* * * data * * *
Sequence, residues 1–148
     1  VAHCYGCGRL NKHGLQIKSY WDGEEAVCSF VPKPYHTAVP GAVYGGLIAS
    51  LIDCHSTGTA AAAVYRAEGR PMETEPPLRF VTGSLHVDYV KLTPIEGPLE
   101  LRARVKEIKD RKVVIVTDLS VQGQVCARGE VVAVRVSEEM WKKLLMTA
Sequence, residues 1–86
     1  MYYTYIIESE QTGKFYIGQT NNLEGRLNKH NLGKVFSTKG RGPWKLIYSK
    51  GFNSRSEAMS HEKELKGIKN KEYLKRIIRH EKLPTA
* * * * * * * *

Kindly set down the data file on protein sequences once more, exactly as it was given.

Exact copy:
Sequence, residues 1–148
     1  VAHCYGCGRL NKHGLQIKSY WDGEEAVCSF VPKPYHTAVP GAVYGGLIAS
    51  LIDCHSTGTA AAAVYRAEGR PMETEPPLRF VTGSLHVDYV KLTPIEGPLE
   101  LRARVKEIKD RKVVIVTDLS VQGQVCARGE VVAVRVSEEM WKKLLMTA
Sequence, residues 1–86
     1  MYYTYIIESE QTGKFYIGQT NNLEGRLNKH NLGKVFSTKG RGPWKLIYSK
    51  GFNSRSEAMS HEKELKGIKN KEYLKRIIRH EKLPTA